Columbia University Graduate Engineering Distance Learning
ELEN E6312 Advanced Analog Integrated Circuits

   ELEN E6312 Advanced Analog Integrated Circuits

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Course Description: The course focuses on the design of analog integrated circuits with an emphasis on CMOS technology. After a brief review of the basic analog building blocks, we proceed to develop operational amplifiers and their applications. Also advanced topics such as noise and mismatch are introduced.

Course topics will include
* CMOS design
* MOS operation (weak, moderate, strong inversion)
* Basic transistor stages with low voltage supplies
* Single ended and fully differential operational amplifier analysis and design: telescopic, folded cascode, two-stage OTA, common-mode feedback
* Switched capacitor 2x amplifier: time-domain settling; switch design and non-idealities
* Stability and frequency compensation techniques (differential & common mode)
* Noise in circuits; low-noise design
* Device Mismatch and its impact on circuit performance
* Temperature- and supply-independent biasing
Faculty/Manager: Peter Kinget
Contact Information: Peter Kinget
email: kinget@ee.columbia.edu
Class Homepage:http://www.ee.columbia.edu/~kinget/EE6312_S08/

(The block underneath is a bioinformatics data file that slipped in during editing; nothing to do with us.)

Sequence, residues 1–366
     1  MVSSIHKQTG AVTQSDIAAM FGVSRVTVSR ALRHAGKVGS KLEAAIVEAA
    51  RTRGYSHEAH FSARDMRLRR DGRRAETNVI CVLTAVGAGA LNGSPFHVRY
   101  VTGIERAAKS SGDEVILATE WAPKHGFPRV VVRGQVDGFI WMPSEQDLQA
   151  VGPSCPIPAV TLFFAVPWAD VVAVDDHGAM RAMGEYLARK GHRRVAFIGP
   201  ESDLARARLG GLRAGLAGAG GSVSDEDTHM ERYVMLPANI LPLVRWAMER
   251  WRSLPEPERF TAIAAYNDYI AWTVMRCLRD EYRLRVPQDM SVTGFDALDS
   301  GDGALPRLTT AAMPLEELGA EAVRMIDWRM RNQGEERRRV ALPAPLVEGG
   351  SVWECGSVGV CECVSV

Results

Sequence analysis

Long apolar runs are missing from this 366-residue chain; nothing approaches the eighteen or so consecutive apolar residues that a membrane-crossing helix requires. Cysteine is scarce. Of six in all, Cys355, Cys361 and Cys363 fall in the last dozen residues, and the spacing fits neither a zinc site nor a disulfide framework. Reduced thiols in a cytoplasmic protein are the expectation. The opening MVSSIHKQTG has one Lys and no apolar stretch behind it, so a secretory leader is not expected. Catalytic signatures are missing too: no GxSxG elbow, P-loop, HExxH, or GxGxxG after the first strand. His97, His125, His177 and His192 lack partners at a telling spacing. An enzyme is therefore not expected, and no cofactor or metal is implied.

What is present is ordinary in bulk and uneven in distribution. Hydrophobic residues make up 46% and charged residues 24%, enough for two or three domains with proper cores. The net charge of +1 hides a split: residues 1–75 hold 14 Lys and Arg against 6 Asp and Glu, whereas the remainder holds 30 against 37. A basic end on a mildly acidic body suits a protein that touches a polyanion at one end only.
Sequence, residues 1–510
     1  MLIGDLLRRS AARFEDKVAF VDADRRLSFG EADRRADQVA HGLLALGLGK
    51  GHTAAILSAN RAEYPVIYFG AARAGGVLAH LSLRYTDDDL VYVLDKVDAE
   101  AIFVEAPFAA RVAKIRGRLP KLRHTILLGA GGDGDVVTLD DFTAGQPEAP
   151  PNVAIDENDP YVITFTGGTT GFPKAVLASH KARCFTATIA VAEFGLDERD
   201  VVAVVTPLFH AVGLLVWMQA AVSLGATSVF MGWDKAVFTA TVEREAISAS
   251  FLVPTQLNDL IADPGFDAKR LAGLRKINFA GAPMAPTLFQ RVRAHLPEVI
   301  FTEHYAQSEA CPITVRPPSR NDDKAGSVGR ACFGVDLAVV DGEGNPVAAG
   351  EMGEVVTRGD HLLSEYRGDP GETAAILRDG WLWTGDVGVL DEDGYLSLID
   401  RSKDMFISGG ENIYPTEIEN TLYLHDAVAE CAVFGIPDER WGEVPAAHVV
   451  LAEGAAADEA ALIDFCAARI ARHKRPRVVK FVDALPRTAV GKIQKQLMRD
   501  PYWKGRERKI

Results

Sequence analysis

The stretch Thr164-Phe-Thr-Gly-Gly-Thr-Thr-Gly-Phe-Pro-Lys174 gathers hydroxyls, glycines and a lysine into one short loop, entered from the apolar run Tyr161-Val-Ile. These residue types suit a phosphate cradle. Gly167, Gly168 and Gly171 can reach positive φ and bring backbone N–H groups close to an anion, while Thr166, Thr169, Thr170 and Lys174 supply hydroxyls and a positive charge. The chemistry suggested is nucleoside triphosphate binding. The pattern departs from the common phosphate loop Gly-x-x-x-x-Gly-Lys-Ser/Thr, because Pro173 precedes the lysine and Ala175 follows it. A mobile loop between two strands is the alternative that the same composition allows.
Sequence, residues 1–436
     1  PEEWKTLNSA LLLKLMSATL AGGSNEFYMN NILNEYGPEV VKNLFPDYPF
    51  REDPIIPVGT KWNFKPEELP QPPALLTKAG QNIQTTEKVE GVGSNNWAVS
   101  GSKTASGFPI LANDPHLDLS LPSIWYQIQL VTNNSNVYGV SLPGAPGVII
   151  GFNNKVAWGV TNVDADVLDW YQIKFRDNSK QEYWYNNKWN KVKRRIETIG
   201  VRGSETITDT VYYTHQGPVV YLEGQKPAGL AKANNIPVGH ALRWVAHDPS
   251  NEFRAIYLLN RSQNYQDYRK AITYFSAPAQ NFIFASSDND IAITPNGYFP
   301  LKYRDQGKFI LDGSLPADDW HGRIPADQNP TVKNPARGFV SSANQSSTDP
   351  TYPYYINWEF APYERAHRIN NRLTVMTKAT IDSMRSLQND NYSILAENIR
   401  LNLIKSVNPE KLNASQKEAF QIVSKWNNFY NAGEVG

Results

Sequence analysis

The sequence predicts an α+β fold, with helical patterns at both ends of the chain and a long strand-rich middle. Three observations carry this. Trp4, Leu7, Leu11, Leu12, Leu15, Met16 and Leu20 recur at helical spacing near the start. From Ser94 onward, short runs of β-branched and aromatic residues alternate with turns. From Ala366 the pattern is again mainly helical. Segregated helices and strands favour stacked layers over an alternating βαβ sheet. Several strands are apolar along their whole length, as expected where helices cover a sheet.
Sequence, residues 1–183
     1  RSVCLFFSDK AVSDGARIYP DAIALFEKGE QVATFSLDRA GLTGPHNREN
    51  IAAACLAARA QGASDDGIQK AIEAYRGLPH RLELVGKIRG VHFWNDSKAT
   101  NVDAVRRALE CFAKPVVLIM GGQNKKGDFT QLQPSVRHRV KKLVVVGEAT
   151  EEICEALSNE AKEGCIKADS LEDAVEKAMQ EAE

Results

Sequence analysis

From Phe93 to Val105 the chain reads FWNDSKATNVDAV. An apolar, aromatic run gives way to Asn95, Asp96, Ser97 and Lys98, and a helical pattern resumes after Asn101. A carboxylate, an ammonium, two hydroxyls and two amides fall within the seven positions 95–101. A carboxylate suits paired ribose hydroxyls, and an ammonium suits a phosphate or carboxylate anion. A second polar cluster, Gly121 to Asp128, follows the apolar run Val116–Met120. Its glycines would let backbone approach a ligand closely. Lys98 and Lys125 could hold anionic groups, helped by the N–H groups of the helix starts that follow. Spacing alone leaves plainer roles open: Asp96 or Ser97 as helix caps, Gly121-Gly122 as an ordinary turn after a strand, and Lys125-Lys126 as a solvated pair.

Credits for Course:4.5
Viewing Schedule: 0 lectures per week
Prerequisites:ELEN E4312 (Analog electronic circuits),(4305).

Qualified students must have a very good understanding of circuit analysis, electronics, electronic devices and models, and analog circuit design. Students need to be familiar with circuit simulation (Hspice) and CAD tools (Cadence design environment).

This class will cover advanced topics in analog integrated circuit design. This class should not be your first analog design class.
Applicable Degree Program:MS and PD in Electrical Engineering. All courses are subject to advisor approval.
Grading:Homework 10%
Design Project 35%
Midterm (written) 20%
Final (written) 35%
Software Requirements:Remote students need the ability to remotely run the design tools on our VLSI/CISL Teaching machines in Mudd 12th floor. There are two ways to remotely login:

* NX uses compression technology to get a very fast reponse over remote connections. It requires downloading a free client to install on your computer; follow these instructions. We recommend to try NX first before falling back on the SSH/XWindows option.

* SSH/XWindows: This involves setting up an ssh connection to the machines and running an Xserver on your system. Follow these instructions.

Make sure your are confident you have a sufficiently fast internet connection (broadband). Make sure you understand the use of linux and the design tools before you register for this course as a remote student.

We will not be able to help you setting up that connection since it is too specific to your particular computing setup and internet connection.

* The information contained in this syllabus is subject to change at any time.